Using Complementary Colors in Your Pictures

Those who know me well would probably say that I’m not a fashion god. I don’t lay my clothes out before getting dressed to make sure the colors complement each other or at least match. I’m more of a “this dark blue shirt probably matches with these light blue jeans and my brown shoes go with everything” kind of person.

Now, before you rush to judgment, you should know that this is all different when it comes to photography. When I’m composing a picture, I think a lot about color. In fact, using complementary colors in your pictures can make your images stand out.

So, what are complementary colors and how do you use them in photography? Although there are large books written on color, I’ve never read them. Because I’m not an expert on the topic, I think I can make this really simple. Let’s start with the basics. Take a quick look at this color wheel diagram below. This is the most basic version of the color wheel, with the wheel itself broken out.

Color-Wheel

The idea is to mix colors at opposite ends of the wheel which are considered complementary colors. Notice that in all cases you will be mixing a primary color with a secondary and a warm color with a cool color. In this, the most basic version of the color wheel, you have three sets of colors to work with: blue and orange, red and green, yellow and magenta. Take a look at the three images below and notice how well the colors work together.

Mixing Blue and Orange

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Evening light striking the orange dunes at Deadvlei

Mixing Red and Green

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Close-up of colorful Red-Eyed Tree Frog

Mixing Yellow and Magenta

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Colorful sunset silhouette of an Illinois farm

Now, of course, things are never quite as simple as they first seem. In fact, the color wheel is actually a continuum with a practically infinite number of colors. To illustrate this, take a look at the picture below. If I’ve ever take a picture that screams “complementary colors”, this is it. Yet, looking at the basic color wheel, this seems to be a mix of something closer to magenta (which should go with yellow) and green (which should go with red).

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Close-up of bubbles made from oil and water

So, why do these colors work so well? Take a look at the expanded color wheel below which takes the next step and adds “intermediate colors”. The colors in the above image are actually closest to “yellow-green” and “red-violet” in the wheel below, which are indeed on opposite sides of the color wheel.

color-wheel

Keep in mind that you don’t need to match colors perfectly. In fact, depending on what you are photographing, you may have no control over the colors in your image. The important thing is to be aware of complementary colors and watch out for opportunities to include them in your images. It is not a bad idea to have a copy of the color wheel in your camera bag.

Natural vs Artificial Light Portraits

People like things that are natural better than things that are artificial. After all, don’t you prefer to see “strawberries” on a list of ingredients rather than “artificial flavoring” and “red dye 40”? So, when someone introduces themselves as a natural light portrait photographer, it really does sound pretty impressive. Or, does it? [insert your preferred dramatic musical interlude here]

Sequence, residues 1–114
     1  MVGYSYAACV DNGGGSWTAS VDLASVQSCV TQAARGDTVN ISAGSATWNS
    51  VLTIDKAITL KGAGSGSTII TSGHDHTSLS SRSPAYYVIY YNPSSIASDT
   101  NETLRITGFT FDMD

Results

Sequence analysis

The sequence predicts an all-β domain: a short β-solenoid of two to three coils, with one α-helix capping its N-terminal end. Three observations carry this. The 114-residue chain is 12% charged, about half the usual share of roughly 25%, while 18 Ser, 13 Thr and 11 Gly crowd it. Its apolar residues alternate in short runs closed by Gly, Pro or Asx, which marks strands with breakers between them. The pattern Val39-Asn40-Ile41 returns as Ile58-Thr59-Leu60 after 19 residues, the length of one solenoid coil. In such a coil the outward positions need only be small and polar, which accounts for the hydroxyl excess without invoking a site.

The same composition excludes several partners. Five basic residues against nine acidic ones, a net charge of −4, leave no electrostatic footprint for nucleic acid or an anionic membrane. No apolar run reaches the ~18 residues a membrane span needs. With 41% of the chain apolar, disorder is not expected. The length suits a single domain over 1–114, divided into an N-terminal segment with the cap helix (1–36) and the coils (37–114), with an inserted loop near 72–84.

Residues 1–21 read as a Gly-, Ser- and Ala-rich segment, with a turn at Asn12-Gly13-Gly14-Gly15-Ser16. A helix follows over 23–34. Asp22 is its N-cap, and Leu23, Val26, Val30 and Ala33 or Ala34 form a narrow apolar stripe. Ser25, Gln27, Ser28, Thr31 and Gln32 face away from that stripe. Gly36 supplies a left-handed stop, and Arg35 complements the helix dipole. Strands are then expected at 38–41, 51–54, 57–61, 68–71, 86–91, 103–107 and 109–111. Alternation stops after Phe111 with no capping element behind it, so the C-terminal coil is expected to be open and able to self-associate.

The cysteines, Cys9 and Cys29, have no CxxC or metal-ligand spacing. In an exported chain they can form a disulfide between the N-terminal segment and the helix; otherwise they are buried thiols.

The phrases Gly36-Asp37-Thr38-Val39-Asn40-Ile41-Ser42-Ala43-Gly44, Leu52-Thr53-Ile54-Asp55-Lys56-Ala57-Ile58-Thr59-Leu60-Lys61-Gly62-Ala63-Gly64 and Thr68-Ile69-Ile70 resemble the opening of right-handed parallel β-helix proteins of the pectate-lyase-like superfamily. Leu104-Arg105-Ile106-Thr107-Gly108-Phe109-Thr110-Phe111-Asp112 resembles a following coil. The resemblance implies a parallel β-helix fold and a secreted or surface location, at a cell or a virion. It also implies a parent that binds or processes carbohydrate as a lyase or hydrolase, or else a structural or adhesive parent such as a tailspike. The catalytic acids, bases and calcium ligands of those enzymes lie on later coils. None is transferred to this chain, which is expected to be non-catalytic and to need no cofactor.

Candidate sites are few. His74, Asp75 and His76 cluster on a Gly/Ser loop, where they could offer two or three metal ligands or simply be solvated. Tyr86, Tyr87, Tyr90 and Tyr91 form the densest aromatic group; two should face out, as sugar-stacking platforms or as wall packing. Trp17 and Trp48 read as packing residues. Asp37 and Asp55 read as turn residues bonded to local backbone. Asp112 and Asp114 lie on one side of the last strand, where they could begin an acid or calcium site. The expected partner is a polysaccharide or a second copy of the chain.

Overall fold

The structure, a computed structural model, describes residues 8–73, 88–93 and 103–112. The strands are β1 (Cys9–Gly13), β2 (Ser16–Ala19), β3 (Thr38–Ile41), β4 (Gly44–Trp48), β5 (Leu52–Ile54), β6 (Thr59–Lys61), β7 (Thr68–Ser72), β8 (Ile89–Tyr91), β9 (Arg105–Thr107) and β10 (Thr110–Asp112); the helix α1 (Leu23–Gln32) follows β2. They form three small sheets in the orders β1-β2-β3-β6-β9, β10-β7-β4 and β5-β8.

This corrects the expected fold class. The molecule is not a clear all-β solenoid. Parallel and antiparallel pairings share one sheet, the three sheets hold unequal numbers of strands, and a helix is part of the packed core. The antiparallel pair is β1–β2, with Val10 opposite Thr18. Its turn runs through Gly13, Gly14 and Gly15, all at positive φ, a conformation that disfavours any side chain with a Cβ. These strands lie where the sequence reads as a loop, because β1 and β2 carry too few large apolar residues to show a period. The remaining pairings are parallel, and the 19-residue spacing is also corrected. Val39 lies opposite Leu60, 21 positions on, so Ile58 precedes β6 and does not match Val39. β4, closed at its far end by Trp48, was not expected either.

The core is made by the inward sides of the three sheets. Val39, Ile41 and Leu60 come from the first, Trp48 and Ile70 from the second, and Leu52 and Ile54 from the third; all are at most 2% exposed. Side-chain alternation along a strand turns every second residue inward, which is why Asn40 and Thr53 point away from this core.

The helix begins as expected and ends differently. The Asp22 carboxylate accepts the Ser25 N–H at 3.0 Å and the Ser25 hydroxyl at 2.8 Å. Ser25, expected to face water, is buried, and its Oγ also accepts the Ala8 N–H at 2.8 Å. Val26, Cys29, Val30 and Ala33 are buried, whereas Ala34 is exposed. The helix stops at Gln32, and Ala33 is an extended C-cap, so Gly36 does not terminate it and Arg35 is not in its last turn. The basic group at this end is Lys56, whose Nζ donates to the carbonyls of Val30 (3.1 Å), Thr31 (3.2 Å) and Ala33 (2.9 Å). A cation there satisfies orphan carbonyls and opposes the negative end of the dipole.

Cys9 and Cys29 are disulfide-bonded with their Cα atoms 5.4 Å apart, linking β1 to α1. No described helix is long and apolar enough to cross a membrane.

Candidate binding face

It is true that low-angled sunlight is hard to beat for portraits. However, great natural lighting isn’t always available. Portrait photographers that use only natural lighting are at a big disadvantage in my opinion. I have seen the portraits by natural light only photographers and find the lighting is often pretty bad. Although not true for all, my suspicion is that quite a few of these photographers are simply not comfortable using flash.

I think that in the majority of cases you can get better results by bringing in flash to your outdoor portraits. Let me give an example of an image that would have been basically ruined without the help of artificial lighting. The following back-to-back images were taken on an overcast morning, both with and without flash.

No flash and no processing
IMG_3085

No flash and processed slightly to open up shadows
IMG_3085-3

With flash and no processing
IMG_3087

I think almost all of us will agree the image using flash looks much better. In fact, without the flash, I would have probably tossed the picture due to the flat, boring lighting. There are three reasons the artificial lighting contributes so much to the image:

Reason 1: Better separation between the subject and background. The flash on the subject makes him stand out against the background. In the shot without flash, the subject’s face is darker and basically blends in with the rest of the image. Even with some post-processing adjustments, it doesn’t look as good. Starting out with good lighting is better than trying to create it in post-processing.

Reason 2: More contrast. In the pictures below, I cropped the same images to show only the subject’s face. Notice the lighting on the face looks much more dramatic and seems sharper. This is due to a greater difference in luminance between the light and dark areas of the face. This makes the subject more interesting to look at.

No flash and processed slightly to open up shadows
IMG_3085-4

With flash and no processing
IMG_3087-2

Reason 3: More control over the power and direction of light. With natural light, if you have great, low-angled lighting, you still have to position your subject to take advantage of the light. This gives you less options for what your background will be. Or, if it is overcast, you get soft lighting with little contrast as in the above example. Artificial light can mimic the sun, or even overpower it, and allow you to have much more control over the light, such as changing its’ direction or using multiple light sources.